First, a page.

And Then There’s The Rest: More Watering Hierarchy
There is some debate over what to water next after the Tree.
I think that ultimately, it depends on whether your focus is on food crops or on the landscape, the ease of replacement, and the expense. I value my herbs because I cook with them, and I also want a small vegetable garden to eat from this spring and summer (food prices will be higher). So, I plan on sacrificing bedding plants and annuals in favor of my herbs, strawberries and vegetables. I’ll use mulch, shade cloth and drip irrigation to get the most from the water I have available to me.
Generally, here is the breakdown.
The Lesser Nobles – Shrubs.
Typically shrubs planted within the past two years will require irrigation during drought, thought not as much as newly planted shrubs. During severe drought conditions, plantings up to five or six years of age may also require supplemental water.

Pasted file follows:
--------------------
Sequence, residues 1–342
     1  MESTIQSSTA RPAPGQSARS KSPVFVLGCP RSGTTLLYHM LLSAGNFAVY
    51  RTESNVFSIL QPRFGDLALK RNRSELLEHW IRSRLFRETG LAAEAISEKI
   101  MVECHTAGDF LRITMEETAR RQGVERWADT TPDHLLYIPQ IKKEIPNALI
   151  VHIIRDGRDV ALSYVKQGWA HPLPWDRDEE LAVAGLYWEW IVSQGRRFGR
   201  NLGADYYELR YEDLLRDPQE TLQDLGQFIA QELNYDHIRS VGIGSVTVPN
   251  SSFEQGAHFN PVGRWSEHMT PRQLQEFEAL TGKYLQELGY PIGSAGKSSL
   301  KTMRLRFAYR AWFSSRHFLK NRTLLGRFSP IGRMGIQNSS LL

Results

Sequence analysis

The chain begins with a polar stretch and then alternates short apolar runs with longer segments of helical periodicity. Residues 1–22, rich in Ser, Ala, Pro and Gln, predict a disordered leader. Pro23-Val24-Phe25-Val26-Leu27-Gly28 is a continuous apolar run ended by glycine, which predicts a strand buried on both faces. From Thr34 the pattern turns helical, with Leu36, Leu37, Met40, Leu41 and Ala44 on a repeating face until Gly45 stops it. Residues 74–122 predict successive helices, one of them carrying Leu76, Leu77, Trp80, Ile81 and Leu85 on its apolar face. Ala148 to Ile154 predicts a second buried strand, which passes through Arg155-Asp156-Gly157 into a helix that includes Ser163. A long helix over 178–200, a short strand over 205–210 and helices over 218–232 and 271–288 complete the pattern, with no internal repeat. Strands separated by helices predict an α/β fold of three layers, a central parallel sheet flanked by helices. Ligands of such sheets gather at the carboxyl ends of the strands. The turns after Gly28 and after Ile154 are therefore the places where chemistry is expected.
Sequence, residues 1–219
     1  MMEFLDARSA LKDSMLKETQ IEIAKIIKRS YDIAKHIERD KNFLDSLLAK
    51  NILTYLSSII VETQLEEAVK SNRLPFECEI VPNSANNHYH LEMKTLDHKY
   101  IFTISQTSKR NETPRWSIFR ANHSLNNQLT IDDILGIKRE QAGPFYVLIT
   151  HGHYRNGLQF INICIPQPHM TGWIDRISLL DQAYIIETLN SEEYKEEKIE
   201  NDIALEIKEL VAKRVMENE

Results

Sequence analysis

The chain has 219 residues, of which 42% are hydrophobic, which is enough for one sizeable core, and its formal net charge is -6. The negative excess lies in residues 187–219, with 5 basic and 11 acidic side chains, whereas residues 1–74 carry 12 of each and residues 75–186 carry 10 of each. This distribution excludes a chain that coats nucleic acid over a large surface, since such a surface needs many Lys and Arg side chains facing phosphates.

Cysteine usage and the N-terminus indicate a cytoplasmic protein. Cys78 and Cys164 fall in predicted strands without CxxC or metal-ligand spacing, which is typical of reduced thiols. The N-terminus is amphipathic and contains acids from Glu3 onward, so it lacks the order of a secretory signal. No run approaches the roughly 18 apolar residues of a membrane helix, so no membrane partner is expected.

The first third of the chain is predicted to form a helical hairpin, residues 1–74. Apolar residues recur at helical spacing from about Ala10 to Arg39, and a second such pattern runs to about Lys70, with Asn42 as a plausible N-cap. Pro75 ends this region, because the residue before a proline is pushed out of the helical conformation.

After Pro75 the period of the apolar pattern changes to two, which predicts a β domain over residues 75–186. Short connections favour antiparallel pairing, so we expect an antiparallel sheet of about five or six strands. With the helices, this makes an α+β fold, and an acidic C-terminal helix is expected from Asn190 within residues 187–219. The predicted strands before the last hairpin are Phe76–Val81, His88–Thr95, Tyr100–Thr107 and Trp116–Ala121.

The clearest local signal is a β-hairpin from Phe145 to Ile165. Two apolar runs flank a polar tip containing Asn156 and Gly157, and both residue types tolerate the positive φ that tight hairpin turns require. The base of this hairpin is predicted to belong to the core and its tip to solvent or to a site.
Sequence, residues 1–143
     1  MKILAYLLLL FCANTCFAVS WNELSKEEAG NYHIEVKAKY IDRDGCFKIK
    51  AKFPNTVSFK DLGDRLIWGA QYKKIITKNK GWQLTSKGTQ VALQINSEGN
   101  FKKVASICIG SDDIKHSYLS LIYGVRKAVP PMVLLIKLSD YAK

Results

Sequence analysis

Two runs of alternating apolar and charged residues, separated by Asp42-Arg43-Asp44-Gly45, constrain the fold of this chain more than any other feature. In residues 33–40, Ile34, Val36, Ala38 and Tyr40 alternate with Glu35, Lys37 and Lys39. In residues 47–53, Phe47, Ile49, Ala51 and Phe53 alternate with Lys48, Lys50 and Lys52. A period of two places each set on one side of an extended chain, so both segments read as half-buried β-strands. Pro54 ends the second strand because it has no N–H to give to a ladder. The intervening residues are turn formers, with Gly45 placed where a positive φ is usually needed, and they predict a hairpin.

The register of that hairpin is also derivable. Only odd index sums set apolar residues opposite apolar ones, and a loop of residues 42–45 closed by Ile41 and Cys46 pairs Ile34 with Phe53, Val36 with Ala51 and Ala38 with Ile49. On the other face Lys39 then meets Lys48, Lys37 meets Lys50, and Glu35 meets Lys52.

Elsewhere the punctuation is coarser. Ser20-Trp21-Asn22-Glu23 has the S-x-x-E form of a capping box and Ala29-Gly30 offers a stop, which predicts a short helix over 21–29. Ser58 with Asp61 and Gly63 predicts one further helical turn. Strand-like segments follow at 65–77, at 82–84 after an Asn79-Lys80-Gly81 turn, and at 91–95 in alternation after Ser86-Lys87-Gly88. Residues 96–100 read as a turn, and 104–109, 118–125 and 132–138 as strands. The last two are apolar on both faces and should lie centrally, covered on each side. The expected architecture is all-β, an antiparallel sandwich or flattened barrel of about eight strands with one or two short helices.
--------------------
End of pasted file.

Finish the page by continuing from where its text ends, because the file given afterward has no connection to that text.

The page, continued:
The Merchant Class – Perennials and Established Trees and Shrubs.
Established perennials can be kept flowering with a good drink of water every two weeks. Many established perennials will survive a drought without any supplemental water, but there will be fewer flowers. Mulching will reduce evaporation.
Established shrubs or trees (three years or more in the ground) can be watered deeply about once a month, especially if they are showing signs of stress. Deep, thorough irrigations from spring through summer can be enough to keep most trees and shrubs alive when water is in short supply. Many tree and shrub species will drop leaves or wilt under severe water shortage but will survive. Under-watered fruit trees probably will produce less, if any fruit, but will also survive. Once water shortages are lifted, these trees will again leaf out and produce fruit.
The Serfs – Established Lawns, Groundcovers, Containers, Bedding Plants and Annuals.
Established lawns can withstand several weeks of drought without thinning or death. The length of time varies according to the overall health of the lawn. Application of about one-half inch of water every two to three weeks will keep the crowns of grass alive, but won’t likely green it up.
Annuals and herb plants are a lower priority because they require the most watering to keep alive and can be replaced inexpensively or can be replanted next year when adequate water is available.
P.S. The Tree is King.